To my great disappointment, my comic shop had sold out of Dark Days: The Casting #1 by the time I got there after work, so the individual issue I was most looking forward to reading last night was unattainable. Luckily, there was still one comic I was intensely curious about--the first issue of the new Wonder Woman team--and a new issue of one of my all-around favorite ongoing monthlies, Josie and The Pussycats, so it's not like it was a complete waste of a trip or anything. Anyway, here's what I brought home with me last night...
The former is all pretty well written by James Tynion, complete with flashbacks to the time they spent together in their youth, Zatanna trying to scare Batman out of using the device and discussions about magic in general. The latter is a little messier, in part because it seems to deal with thorny continuity issues--Tynion references some very old-school, pre-reboot business as well as his own, current version of Azrael and the Order of St. Dumas, and doesn't do a very good job of synthesizing the two different versions, making this another example of the number one problem with DC's half-ass reboots--and in part because it has, so far, nothing at all to do with the other plot.
I guess that's how comic books might have worked in the '70s, '80s and '90s, but it feels wrong in 2017, when we've come to expect story arcs rather than soap opera-style plots and sub-plots that don't always align.
There's also what looks to be a robot pope in one scene of this. I really like the robo-pope. He looks cool.
The characters are so divergent from one another, so opposite that Maps plays off of Damian maybe better than any other kid character, certainly better than any of Damian's current Teen Titans line-up, or his friend Maya or even the new Superboy, whose odd-couple chemistry is what is powering the current Super Sons ongoing.
It's pretty clear that the market has spoken in terms of where it stands on Gotham Academy, and re-tooling the book so completely as to make it more salable would be a disservice to Fletcher, Kerschl, Cameron Stewart, Becky Cloonan and company's original conception, but I for one would love to read a new Robin series by Brenden Fletcher in which Damian Wayne enrolls at the Academy, and Maps is a prominent part of his supporting cast.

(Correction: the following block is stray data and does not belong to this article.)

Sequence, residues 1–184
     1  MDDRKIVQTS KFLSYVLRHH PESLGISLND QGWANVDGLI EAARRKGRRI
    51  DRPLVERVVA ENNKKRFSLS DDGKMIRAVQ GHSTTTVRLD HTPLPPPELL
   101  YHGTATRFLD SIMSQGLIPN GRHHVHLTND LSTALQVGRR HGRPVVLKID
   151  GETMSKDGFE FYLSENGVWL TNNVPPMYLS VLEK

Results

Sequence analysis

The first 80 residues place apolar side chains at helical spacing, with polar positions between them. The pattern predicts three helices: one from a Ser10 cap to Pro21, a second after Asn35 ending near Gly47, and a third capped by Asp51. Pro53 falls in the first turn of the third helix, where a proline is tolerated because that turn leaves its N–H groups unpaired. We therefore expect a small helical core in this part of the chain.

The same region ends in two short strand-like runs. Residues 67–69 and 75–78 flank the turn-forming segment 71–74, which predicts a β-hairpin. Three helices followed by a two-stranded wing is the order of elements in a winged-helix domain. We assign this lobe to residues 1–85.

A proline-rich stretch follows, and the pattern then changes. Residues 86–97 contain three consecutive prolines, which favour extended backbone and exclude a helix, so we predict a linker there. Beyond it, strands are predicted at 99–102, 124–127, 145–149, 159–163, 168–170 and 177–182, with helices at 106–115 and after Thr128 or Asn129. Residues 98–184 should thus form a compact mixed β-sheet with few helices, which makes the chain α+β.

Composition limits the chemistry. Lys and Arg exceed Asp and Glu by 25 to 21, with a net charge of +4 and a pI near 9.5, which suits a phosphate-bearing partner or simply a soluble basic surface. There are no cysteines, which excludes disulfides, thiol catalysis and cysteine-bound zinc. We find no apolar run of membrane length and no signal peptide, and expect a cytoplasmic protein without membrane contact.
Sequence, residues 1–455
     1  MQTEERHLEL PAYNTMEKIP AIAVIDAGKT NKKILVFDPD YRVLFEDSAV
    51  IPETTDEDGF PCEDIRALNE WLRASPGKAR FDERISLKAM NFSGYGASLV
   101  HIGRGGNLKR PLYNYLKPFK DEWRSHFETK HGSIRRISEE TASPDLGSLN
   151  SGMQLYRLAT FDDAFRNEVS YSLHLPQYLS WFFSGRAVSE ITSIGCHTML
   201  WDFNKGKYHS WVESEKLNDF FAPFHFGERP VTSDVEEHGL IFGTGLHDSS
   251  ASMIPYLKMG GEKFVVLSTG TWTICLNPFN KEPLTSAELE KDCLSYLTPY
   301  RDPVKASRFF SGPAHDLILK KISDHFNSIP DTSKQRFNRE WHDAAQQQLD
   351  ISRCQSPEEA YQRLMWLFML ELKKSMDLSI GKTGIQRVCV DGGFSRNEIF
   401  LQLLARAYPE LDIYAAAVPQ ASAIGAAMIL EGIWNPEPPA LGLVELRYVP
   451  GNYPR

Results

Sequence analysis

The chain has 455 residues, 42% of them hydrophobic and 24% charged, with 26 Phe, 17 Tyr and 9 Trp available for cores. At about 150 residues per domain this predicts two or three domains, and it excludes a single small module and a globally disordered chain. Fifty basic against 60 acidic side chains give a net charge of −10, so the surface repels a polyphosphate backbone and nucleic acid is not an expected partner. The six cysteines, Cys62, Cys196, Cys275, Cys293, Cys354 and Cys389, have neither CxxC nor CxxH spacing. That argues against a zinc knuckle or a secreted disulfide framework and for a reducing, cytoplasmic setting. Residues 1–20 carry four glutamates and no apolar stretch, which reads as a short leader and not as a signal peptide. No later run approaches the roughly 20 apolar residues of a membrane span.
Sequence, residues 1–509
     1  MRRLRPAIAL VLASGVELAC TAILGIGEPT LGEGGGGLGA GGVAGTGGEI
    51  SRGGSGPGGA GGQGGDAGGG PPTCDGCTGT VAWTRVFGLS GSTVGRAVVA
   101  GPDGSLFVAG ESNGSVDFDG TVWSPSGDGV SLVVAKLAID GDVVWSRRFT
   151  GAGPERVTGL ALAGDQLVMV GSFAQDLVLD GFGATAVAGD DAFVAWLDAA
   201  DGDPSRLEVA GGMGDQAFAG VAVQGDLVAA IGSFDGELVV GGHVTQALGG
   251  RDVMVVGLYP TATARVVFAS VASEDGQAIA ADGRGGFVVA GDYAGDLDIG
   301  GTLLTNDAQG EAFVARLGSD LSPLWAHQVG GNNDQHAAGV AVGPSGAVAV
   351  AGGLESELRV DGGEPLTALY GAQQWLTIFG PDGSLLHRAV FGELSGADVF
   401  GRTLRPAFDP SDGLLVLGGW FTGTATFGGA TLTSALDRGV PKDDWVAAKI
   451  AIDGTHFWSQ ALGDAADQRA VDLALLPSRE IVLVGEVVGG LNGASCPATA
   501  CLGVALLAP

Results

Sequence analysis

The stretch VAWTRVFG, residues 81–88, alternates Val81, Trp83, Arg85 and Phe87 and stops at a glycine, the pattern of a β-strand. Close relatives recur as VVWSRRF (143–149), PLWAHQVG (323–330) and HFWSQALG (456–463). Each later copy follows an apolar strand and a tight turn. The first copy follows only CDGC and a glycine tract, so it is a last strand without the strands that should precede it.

Anyway, now that the fact that Olive is semi-possessed by a centuries old pyrokinetic witch is firmly established, Maps is ready to write her old friend off completely, but Pomeline and Colton convince Maps to help them get the one thing that might cure Olive, which is held in a safe in Wayne Manor.
Unfortunately for them, Two-Face has the same idea, and so it's up to Damian and Maps to team-up and save the day. So, yeah, lots of great Maps/Damian scenes.
Gotham Academy's Two-Face still seems a bit off, especially compared to the one in All-Star Batman; just seeing him work with regular hench-people in ski-masks seems wrong. The last pages, in which Damian reappears as Robin are pretty great, as is the moment he hands something over to Maps. I think the sequence could have been handled a little better, as it's not entirely clear if she even takes in who he is under the mask or not; it could very easily be not, considering how worried she is for Olive at that point.